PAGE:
“What’s king cake?”
Five of us have come into the kitchen to refill our wine glasses. Four pairs of eyes are scanning me in confusion. The silence breaks with someone’s machine gun-like titter.
“You’ve never had king cake?” one of them replies, hand on her hip.
Shifting my stance, drumming un-manicured nails on the granite counter top, I’m suddenly aware that my clothes are all black. My eye-liner, thick and black. I feel like a northern-urban-vampire next to their muted peaches, sages, and creams. I’m trying to cling to the words my husband said to me as I left the house—“You have to treat the whole thing like we’re expats. You’re an ambassador from the North.”
“I’ve never even heard of king cake,” I smile, “I’m such a Yankee.”
They all look down, then up to different spots on the walls. I thought teasing myself with their word would be appreciated. But it’s clear it’s their word, and I am not to use it.
I wish Amy Lynn would walk in the kitchen right now. She’s an old friend of mine from New York City. We’ve been friends for twenty years, and she’s partly responsible for our move south to Asheville, North Carolina. She grew up in Mississippi and speaks North and South. My husband and I have been here two months, and Amy Lynn insists I need to get out and meet people on a regular basis. I know she’s right. She’s invited me to tag along tonight, although not exactly my demographic, to attend her women’s church book group.
I was doing fine while we were discussing the book, The Guernsey Literary and Potato Peel Pie Society, although I did say, “Ugh. All those annoying letters,” and, “So your only problem with the book was that a woman asked a man to marry her? Really?” Thankfully someone said, “Wine refill in the kitchen!” I catapulted out of my chair towards the bottle. I shouldn’t have strayed from Amy Lynn’s visible perimeter. She’s in the other room discussing annoying letters. I’m on my own. Me. Them. The king cake.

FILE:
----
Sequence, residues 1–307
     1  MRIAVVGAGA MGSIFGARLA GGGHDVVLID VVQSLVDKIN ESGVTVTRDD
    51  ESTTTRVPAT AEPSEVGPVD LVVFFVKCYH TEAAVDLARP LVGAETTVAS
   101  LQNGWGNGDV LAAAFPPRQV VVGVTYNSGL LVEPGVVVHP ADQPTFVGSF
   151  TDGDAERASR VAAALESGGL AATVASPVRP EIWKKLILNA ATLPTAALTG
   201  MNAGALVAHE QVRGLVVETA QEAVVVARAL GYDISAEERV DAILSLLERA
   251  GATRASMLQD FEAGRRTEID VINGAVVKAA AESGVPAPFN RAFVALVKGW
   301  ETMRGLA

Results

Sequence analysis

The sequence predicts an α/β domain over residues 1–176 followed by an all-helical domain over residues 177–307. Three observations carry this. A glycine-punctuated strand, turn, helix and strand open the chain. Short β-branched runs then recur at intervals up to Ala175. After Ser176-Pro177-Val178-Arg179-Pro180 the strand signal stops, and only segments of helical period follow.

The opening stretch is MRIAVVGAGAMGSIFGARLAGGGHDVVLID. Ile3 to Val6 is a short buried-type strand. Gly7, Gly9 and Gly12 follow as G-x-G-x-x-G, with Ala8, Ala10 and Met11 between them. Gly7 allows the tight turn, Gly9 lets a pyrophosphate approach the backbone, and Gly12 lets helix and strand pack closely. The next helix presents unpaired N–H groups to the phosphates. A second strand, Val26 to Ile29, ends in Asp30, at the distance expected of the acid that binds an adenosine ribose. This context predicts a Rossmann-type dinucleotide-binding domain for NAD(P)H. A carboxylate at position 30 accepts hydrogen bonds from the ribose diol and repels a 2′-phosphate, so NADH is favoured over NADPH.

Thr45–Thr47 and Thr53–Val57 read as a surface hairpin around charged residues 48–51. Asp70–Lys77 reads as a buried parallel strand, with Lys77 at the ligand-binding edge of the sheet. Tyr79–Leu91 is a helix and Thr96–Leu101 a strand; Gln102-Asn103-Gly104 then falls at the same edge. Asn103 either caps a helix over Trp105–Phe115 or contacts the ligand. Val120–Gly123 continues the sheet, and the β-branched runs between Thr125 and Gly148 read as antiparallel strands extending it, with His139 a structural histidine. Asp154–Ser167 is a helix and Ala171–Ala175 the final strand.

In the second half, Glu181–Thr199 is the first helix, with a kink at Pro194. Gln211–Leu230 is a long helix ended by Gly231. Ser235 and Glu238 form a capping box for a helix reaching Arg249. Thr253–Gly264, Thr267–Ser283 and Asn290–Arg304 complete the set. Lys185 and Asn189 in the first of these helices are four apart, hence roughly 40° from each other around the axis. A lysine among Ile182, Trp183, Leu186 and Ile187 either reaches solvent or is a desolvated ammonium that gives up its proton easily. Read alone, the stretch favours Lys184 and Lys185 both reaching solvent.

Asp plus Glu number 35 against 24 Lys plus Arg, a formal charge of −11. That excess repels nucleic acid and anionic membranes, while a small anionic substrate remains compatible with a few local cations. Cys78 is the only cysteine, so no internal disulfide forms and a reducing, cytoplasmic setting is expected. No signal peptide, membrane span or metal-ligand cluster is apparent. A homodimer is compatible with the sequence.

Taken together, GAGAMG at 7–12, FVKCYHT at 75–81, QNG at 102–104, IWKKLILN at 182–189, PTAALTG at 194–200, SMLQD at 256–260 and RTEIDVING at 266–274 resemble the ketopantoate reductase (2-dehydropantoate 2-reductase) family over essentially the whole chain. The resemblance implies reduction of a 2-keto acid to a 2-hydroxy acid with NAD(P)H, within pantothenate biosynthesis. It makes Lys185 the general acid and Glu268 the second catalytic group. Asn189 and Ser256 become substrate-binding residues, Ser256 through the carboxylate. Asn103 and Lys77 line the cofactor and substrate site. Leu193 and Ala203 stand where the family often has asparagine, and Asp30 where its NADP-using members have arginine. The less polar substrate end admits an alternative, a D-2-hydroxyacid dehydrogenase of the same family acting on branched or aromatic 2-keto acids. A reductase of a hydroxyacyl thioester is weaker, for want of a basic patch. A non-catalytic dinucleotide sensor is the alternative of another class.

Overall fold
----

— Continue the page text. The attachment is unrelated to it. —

“King Cake, as in Christ the King,” one of them answers, with a melodious drawl.
Just one week ago my husband and I had gone for a drive. We’d gotten twenty minutes out of Asheville and were on some back roads. We made a wrong turn and pulled into a gas station to turn around when we saw it. In a grassy lot between the gas station and an industrial looking building was a large white cross, at least half as tall as a telephone poll. In bright red block letters it read, “BLOOD SECURED REDEMPTION.” We looked around for the church. There wasn’t one.
The woman continues, “You know, for Carnival.” She’s searching my eyes for a light of recognition like a nurse searching a patient’s eyes for consciousness.
I’m ashamed of my prejudices. I want burning crosses, Footloose, Confederate Flags on Ford pick-ups, and Nancy-Grace-haircuts out of my head. How would I feel if they assumed that I was rude—pushy—a horn honker, or was pals with the Mob Wives? I think to myself what nice people these are and what an asshole I am. I’m an ambassador from the North, for Christ’s sake, I tell myself.
Another lady leans in, “Don’t you know about Mardi Gras, hon?”
Nipples and beads?
In a small voice I reply, “In New Or-leens?”
“Yes!” they say, laughing and clapping, “like in Nawlenz!” They are relieved.
What New Orleans has to do withNorth Carolina I have no idea, but I’m shutting up now.
“See, the king cake has the Mardi Gras colors,” the woman, whose name is Darla, says.
I didn’t know Mardi Gras had colors. Is she a Summer? A Winter?
The cake is a circle with a hole in the middle, like a big doughnut with purple, green, and gold sprinkles. She politely cuts me a slice. The inside looks and tastes like coffee cake. It’s good.